EAST RUTHERFORD, N.J. — Kenyon Martin cut the "stupid stuff" from his game. What's left looks like title material.
By adding mature to mean and mad, Martin is no longer a dicey wild card when New Jersey needs him to win a game. His dominant fourth quarter in Game 2 single-handedly rescued the Nets from an 11-point deficit against Detroit and has them two victories away from their second consecutive Eastern Conference title.
"I'm pretty much the same player -- I just got better, learned the game a lot more," Martin said. "I grew up a lot, on and off the court."
The Nets, who have won eight straight playoff games, are in promising position for a sweep with Games 3 and 4 at home today and Saturday. Martin was the leading scorer for the Nets in Games 1 and 2, scoring 16 and 25 points in the two-point victories at the Palace.
"I'm seen him grow unbelievably," Nets coach Byron Scott said. "Now he is playing like a superstar. This is the time of the year where you can make a name for yourself, and that's what he is doing."
A year ago, Martin was as likely to produce fouls and fines as much as points and rebounds. He missed seven games from various suspensions due to flagrant fouls.
Now 25 and in his third season, Martin has learned to channel the energy he used to waste on refs and other players. A few long talks with Scott and the example of teammate Jason Kidd have proved invaluable.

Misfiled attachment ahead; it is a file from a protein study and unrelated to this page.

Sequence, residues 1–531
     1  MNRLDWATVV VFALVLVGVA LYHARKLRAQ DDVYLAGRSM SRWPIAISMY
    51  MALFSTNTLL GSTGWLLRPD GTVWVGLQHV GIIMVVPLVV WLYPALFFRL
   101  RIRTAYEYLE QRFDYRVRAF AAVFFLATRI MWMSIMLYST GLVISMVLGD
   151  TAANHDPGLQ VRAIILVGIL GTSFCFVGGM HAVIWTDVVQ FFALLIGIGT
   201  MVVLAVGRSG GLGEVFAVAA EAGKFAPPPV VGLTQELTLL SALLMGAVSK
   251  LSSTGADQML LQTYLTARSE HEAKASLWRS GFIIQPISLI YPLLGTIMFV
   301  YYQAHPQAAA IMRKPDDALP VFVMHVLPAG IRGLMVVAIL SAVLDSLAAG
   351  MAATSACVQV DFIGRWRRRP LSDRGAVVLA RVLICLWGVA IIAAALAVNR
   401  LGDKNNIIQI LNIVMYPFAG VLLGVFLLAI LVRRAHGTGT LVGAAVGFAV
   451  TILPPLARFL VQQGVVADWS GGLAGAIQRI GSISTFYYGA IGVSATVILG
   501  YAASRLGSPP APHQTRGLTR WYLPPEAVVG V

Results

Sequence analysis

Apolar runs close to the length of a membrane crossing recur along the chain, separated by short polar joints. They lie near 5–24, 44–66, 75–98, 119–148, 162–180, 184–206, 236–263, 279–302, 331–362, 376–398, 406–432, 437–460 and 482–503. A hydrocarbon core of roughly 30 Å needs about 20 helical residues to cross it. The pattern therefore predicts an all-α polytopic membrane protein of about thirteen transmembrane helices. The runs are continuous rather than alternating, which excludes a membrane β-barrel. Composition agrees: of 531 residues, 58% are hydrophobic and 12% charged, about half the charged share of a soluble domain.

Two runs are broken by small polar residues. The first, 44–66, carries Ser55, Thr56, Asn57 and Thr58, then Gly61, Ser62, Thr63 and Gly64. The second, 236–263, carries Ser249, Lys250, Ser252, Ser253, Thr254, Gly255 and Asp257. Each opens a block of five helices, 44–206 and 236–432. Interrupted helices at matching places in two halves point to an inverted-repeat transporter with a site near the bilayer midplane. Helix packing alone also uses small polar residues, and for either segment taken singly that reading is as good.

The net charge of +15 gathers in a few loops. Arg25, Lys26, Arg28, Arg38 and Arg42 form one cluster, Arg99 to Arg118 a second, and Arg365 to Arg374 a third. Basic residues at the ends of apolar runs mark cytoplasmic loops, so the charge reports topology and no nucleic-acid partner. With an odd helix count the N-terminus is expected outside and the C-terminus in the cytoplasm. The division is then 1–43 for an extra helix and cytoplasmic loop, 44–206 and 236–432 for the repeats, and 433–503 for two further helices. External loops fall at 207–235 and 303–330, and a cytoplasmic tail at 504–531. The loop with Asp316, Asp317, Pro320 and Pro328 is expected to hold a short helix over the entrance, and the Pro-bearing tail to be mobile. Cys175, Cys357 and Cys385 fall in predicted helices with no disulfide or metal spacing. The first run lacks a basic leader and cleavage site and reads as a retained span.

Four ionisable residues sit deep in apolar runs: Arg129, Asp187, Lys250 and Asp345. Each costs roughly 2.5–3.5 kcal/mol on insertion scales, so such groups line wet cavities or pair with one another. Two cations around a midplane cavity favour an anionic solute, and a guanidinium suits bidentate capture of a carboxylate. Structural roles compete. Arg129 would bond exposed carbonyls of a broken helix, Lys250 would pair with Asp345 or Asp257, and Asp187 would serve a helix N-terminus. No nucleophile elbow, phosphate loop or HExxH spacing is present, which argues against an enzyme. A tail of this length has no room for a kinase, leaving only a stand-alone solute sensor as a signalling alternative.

"Just focusing mentally, staying away from the stupid stuff, keeping my mouth closed a little more, just playing the game," Martin said. "A lot of it is Jay, just seeing the way he carries himself, his calm demeanor. I'm just taking bits and pieces from him and putting them in my game. But I'm still playing my game."
Martin picked up his fourth foul late in the third quarter Tuesday and was mad about the way he was playing. Scott said in previous years he would have taken Martin out. This time, the coach not only trusted Martin, he needed him, And Martin responded with 16 points in the final 12 minutes.
"You just see it over the course of a season, that he's just understanding what this league is all about," Scott said. "Maturity is something every player has to go through in this league. It takes some guys four or five years to get there. Some guys it takes one of two years.
"He's come a long way, and now he's one of those type of guys that we can definitely go to in the fourth quarter."
Martin has also been a defensive presence in a series with precious little offensive flow. It wasn't until the Nets' fourth-quarter comeback in Game 2 that a team finally broke 30 points in a quarter.